Recently, I was browsing the weight loss books in Barnes & Noble and found three books stacked next to each other on the shelf that made the following claims on their covers:
“Lose up to 10 pounds in 21 days.”
“Lose up to 14 pounds in 28 days.”
“Lose up to 10 pounds in just 2 weeks.”
I guess if people want to lose weight as fast as possible, they should buy the one that makes the third claim since that one gives them the most rapid rate of weight loss.
The fitness and weight loss industry is filled with this kind of propaganda. “Fitness experts” and “celebrity trainers” are all over the place, especially social media, and they’re quick to tell you how to lose fat, build muscle, and keep your metabolism revved long after your workout is over. Unfortunately, much of what they say or write is wrong.
When you become a fitness professional, it can be intimidating. After all, you have a direct impact on other people’s health. People pay you for your knowledge. Where is that knowledge supposed to come from when the language of marketing and celebrity obstructs the truth?
The answer, unfortunately, is often buried in obscure academic journals and textbooks that few people outside of academia ever read. Part of the problem is that many scientists don’t know how to communicate with industry professionals. But they have a wealth of knowledge. Professional conferences are another way to educate yourself. Spend time reading, learning, absorbing information, asking questions, and contextualizing the information you learn. This is not an easy or fast process. But it is a long-lasting one.
One of the biggest mistakes I made when I first started working in the fitness industry was that I thought I knew a lot. Once you have a particular concept set in your head, it’s very hard to open your mind to other possibilities and answers. You get stuck in a rut. But to keep learning and discovering, you have to break the rules that you set for yourself. If you assume something is true or think you know it all, that assumption leads to other assumptions and fallacious ideas. You need to always keep an open mind. Sometimes, it’s helpful to pretend like you don’t know anything at all.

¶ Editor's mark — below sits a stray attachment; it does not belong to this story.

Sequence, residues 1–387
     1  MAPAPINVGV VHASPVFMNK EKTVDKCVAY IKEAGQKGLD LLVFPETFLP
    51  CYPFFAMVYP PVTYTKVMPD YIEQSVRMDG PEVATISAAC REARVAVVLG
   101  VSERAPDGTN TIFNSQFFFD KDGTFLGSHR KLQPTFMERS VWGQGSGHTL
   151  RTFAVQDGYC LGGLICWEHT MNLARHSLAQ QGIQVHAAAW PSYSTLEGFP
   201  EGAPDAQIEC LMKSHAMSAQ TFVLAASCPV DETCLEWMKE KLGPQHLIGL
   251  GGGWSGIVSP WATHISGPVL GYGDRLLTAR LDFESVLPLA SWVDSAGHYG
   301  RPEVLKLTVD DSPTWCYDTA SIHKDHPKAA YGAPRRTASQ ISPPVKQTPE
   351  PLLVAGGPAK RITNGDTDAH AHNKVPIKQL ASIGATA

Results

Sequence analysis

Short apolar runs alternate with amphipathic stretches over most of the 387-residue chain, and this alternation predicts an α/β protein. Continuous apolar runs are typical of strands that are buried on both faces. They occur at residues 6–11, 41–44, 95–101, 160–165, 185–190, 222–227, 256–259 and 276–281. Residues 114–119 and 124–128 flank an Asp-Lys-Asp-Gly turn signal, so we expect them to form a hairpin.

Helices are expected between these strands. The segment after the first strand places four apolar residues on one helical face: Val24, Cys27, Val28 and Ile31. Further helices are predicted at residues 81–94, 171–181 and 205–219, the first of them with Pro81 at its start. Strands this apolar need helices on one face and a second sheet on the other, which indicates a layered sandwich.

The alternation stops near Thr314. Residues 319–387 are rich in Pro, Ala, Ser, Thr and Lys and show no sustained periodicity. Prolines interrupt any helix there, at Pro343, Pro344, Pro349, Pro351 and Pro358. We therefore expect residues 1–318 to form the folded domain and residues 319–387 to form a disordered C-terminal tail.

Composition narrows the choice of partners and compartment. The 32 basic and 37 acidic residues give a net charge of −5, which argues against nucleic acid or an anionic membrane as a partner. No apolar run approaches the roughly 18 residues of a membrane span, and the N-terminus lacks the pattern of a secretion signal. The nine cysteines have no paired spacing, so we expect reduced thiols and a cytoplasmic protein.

As for those claims made by the weight loss books in Barnes & Noble? Since it takes a 3,500-calorie deficit to lose a single pound, it’s not possible to lose weight (and keep it off) at the rate the books advertise unless you starve yourself and exercise all day long and become severely dehydrated. In my new book, Run Your Fat Off, I tell people the truth about losing weight and keeping it lost for the rest of your life. It’s about time someone told the truth.
I think my next book is going to say on its cover, “Lose 10 pounds in an hour!” Now that would generate some sales.
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